Equity vs. Convertible Note vs. SAFE - Considerations for the Entrepreneur
One near-universal consideration when kickstarting and negotiating a fundraise is: ‘What is the optimal instrument for this round of funding?” By instrument, we don’t mean wind versus brass. We mean financial instrument, such as an equity or debt (or SAFE) contract.
The equity vs. debt decision has major implications for company economics and control, and rising popularity of the SAFE over the past decade has increased the need for careful comparison across common funding options.
In this blog post, we present potential tradeoffs of funding company growth via an equity round, convertible debt, or SAFE (Simple Agreement for Future Equity) note. First, this post describes these three options and the process to complete, defining distinctive terms and favorable characteristics. Then, this post poses questions for the early-stage startup executive to identify the most favorable financial instrument, given company context.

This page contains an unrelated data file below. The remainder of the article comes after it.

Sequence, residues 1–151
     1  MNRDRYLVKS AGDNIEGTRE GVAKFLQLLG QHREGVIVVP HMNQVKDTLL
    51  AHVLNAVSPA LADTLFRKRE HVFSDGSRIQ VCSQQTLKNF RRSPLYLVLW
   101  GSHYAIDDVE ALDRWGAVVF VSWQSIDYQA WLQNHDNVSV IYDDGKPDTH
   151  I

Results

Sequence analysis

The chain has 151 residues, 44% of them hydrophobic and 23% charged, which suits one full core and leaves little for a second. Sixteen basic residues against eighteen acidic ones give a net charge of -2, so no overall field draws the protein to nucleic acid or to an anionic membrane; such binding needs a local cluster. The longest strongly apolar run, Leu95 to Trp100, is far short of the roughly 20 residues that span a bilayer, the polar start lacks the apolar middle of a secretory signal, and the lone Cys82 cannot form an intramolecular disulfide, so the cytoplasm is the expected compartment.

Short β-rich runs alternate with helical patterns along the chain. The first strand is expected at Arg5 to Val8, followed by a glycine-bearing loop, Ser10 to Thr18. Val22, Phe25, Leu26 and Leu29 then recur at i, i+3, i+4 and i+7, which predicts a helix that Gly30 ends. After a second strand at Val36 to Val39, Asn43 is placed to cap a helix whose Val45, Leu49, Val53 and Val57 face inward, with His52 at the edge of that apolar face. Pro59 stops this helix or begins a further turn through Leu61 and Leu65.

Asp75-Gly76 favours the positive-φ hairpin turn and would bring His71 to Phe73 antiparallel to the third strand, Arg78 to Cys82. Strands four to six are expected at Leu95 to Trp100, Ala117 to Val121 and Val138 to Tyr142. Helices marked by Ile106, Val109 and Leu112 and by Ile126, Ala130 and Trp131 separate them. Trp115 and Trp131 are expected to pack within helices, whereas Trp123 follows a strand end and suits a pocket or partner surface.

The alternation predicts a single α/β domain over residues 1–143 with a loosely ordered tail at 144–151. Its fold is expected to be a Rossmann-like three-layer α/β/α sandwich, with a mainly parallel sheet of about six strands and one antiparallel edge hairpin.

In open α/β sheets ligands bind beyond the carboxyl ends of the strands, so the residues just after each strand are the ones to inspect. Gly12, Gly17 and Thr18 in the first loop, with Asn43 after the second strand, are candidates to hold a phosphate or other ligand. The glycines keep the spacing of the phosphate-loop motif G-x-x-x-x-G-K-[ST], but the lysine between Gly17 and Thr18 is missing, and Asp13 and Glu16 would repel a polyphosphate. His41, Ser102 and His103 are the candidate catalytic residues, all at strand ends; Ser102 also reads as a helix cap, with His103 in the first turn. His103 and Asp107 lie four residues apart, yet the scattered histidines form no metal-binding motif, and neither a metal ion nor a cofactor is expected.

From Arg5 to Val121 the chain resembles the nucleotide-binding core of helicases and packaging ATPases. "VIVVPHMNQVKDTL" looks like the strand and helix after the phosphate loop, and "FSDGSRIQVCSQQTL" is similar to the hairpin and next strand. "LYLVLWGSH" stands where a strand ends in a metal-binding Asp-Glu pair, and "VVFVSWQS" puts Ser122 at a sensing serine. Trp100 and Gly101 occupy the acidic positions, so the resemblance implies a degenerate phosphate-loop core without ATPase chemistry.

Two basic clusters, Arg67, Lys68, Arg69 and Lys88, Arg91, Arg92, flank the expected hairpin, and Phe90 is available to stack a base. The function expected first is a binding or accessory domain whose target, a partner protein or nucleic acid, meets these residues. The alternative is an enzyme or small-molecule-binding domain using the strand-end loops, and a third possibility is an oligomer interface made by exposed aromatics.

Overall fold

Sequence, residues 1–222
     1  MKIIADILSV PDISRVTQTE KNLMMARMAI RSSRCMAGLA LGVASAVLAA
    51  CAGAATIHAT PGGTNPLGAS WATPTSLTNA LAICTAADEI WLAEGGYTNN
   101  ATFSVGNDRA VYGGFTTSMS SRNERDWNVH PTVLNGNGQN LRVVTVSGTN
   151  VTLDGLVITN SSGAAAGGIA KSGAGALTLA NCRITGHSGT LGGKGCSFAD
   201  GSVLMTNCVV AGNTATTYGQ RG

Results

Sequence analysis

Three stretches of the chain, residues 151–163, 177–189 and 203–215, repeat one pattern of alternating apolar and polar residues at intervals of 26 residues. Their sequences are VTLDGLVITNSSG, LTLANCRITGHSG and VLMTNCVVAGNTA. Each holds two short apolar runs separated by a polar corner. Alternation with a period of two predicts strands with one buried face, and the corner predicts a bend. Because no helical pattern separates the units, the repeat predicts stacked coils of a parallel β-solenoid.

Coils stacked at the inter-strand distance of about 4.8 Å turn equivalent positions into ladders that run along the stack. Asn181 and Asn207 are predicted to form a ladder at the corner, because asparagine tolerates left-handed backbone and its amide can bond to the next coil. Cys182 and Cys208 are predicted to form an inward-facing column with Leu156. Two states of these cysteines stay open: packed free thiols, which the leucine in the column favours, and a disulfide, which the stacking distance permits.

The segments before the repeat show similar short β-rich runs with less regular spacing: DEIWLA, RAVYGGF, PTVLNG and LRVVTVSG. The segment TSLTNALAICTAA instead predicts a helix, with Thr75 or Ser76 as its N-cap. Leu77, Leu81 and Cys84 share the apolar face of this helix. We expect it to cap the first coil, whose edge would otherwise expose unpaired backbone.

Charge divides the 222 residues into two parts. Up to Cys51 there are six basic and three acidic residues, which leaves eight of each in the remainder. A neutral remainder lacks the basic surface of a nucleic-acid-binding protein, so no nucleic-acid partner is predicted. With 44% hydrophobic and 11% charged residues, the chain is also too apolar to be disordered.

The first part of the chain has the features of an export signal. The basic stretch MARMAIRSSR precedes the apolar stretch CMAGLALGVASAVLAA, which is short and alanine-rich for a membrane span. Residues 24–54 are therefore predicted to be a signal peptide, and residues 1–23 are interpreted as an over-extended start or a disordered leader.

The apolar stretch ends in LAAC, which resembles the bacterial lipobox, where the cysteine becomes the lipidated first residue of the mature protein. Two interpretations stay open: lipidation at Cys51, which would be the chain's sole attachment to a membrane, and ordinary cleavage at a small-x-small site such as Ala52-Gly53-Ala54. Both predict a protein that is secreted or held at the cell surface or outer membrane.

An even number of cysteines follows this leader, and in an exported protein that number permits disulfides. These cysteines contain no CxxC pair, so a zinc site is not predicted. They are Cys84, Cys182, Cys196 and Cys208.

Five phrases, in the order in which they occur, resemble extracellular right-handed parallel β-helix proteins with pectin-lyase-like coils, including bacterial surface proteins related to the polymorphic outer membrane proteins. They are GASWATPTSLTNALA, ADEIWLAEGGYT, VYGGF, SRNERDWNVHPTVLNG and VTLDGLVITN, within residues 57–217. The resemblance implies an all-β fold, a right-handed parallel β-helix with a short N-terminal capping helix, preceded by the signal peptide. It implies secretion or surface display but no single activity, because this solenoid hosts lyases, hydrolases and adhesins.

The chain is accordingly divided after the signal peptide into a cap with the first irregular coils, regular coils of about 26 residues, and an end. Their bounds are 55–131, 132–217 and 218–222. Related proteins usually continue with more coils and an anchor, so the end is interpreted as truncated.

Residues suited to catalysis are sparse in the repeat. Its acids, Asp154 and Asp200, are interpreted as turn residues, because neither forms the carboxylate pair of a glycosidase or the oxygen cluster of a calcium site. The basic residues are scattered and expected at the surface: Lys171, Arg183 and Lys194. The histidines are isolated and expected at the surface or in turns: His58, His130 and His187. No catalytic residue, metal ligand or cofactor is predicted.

Equity (Priced Round)
Description + Process
A seminal moment in a startup’s lifecycle is closing a fundraising round where investors (institutional VCs, angels, or otherwise) take a stake in the company via equity investment. In this transaction, investors provide money for an ownership stake in the business. With ownership – often consisting of Preferred Shares – these investors are entitled to a number of shareholder rights. They can require approval for various major business decisions (e.g., liquidation or sale of the company), robust reporting on the current state of business operations, and more. Often, a lead investor in an equity round will take a seat on the company’s Board of Directors and participate in governance. We won’t get into all of the control dynamics here, but a startup executive should consider if their company is ready for a more formal board with Preferred Stock Directors and the increased processes that accompany board management.